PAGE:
Iwashimizu leading Japan’s defence from the front

Amid all the attention to Japan’s technical prowess and ability to maintain possession, the world champions also boast impressive defensive capabilities. In their charge to the semi-finals at Canada 2015, the Nadeshiko have constantly defied opposition attacks thanks to both a solid structure and resolute individual performances. Indeed Japan have conceded just twice in their five matches thus far, and they have yet to concede prior to the 90th minute.

A sometimes unheralded component in a team of stars is central defender Azusa Iwashimizu. Yet the 28-year-old has been an ever-present during Japan’s most glorious period, winning the 2011 FIFA Women’s World Cup™ and the 2012 Women’s Olympic Football Tournament silver medal. She was even present four years earlier when the Nadeshiko first blossomed on the international stage as they reached the semi-finals at Beijing 2008.

Now the challenge for the Class of 2015 is to maintain their winning form for two more matches. A win in Wednesday’s semi-final against England in Edmonton will set up a match-up with either Germany or USA in the Canada 2015 Final.

Japan captain Aya Miyama said before the 1-0 quarter-final win over Australia that the Nadeshiko were only playing at 60 per cent of their capability. And of concern to England will be Iwashimizu’s view that Japan are still to peak. “I believe we can do a lot better, and we are all working hard on it,” Iwashimizu told FIFA.com. “In the quarter-final, we had a good tempo in offence and created chances, but we couldn't score when we had that rhythm, and the goal was from a set-play. There were some good parts in the match against Australia but I think the match against Netherlands was also good.”

Four years on England will be well advised to keep an eye on Iwashimizu at set-plays. The No3 was the unlikely score of the winner in last year’s AFC Asian Women’s Cup final against Australia, and looked dangerous whenever she got forward against the same opponent last Saturday.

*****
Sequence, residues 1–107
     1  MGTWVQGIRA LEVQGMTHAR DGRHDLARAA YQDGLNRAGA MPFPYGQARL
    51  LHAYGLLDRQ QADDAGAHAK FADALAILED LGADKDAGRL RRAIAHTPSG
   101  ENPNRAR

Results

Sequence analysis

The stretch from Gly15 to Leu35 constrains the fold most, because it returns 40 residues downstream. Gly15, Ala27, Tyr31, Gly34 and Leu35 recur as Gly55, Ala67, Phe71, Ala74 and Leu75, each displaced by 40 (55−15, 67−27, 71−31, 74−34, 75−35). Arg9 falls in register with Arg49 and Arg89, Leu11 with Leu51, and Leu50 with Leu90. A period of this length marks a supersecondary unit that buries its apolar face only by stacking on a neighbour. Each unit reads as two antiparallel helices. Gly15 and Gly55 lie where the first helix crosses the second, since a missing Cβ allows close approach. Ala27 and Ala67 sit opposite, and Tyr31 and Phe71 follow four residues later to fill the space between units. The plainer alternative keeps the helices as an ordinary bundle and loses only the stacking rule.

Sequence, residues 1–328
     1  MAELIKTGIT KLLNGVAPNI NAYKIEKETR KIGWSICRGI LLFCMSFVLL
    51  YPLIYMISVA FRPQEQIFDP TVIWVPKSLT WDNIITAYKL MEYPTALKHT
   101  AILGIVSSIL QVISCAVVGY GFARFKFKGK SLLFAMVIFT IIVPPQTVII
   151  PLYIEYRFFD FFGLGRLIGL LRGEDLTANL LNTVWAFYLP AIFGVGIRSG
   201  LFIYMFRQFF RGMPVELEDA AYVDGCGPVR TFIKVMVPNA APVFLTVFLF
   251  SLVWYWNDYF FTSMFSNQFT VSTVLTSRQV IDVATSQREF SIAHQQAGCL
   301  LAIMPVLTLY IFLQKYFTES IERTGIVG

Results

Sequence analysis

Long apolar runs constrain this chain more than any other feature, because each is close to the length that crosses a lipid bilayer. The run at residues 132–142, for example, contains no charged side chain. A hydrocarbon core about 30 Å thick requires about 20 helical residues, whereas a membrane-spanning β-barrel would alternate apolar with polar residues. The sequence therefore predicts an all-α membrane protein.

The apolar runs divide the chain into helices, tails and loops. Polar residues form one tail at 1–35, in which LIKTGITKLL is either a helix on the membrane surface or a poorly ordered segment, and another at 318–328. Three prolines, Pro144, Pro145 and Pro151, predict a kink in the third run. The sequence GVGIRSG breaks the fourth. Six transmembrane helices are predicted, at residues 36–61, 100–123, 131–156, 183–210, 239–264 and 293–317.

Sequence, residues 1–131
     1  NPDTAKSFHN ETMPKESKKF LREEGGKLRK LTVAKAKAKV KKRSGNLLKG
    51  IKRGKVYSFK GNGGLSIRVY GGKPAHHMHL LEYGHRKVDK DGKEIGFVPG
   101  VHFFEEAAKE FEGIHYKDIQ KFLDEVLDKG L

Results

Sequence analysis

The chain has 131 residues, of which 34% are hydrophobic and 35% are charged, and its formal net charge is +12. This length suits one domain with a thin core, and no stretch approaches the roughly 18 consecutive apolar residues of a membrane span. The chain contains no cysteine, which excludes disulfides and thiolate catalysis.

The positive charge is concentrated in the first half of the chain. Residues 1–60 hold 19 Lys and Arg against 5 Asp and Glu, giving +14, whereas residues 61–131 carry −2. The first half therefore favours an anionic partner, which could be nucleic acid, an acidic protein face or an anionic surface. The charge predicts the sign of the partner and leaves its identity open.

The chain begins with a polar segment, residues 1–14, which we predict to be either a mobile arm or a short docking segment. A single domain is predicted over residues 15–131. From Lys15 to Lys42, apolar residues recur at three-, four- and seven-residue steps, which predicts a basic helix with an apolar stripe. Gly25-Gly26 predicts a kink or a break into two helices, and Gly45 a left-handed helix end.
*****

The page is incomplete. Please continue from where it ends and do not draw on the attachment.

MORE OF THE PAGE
And Iwashimizu says reaching this stage is different than four years ago when Japan knocked out hosts Germany with an against-the-odds last-eight win. “Four years ago, we didn't know and it was an unknown world,” Iwashimizu said. “This time we are here to achieve a second consecutive title and it makes us feel that the things really start from now.

“The two teams cannot be simply compared, but what's different is the experience of each of the players. We almost have the same players and they know about coming out on top, and I think that's how we could make our way to the semi-finals.”

One area in which Japan will be looking to improve is goalscoring with the reigning champions winning all five matches by a single goal. “We are creating chances and we are finishing our attacks with shots on goal,” Iwashimizu says. “Now we must turn that into a better outcome, and we have been working on that in training.”

Following years of landmark achievement Japan have yet another hurdle to clear when they face England, a side they have never beaten in the three matches between the two nations. Indeed England were the only team to beat Japan at Germany 2011 during the Nadeshiko’s charge to the crown.

And Iwashimizu remains wary of an England side who impressively saw off Norway and Canada during the knockout stage. “Each one of the players can play offensively and carry the ball forward, rather than through individual passes,” she said. “And also their long straight passes are high in quality, so we need to handle that well defensively, and it will be my job is to not let them do what they want to do in front of goal.”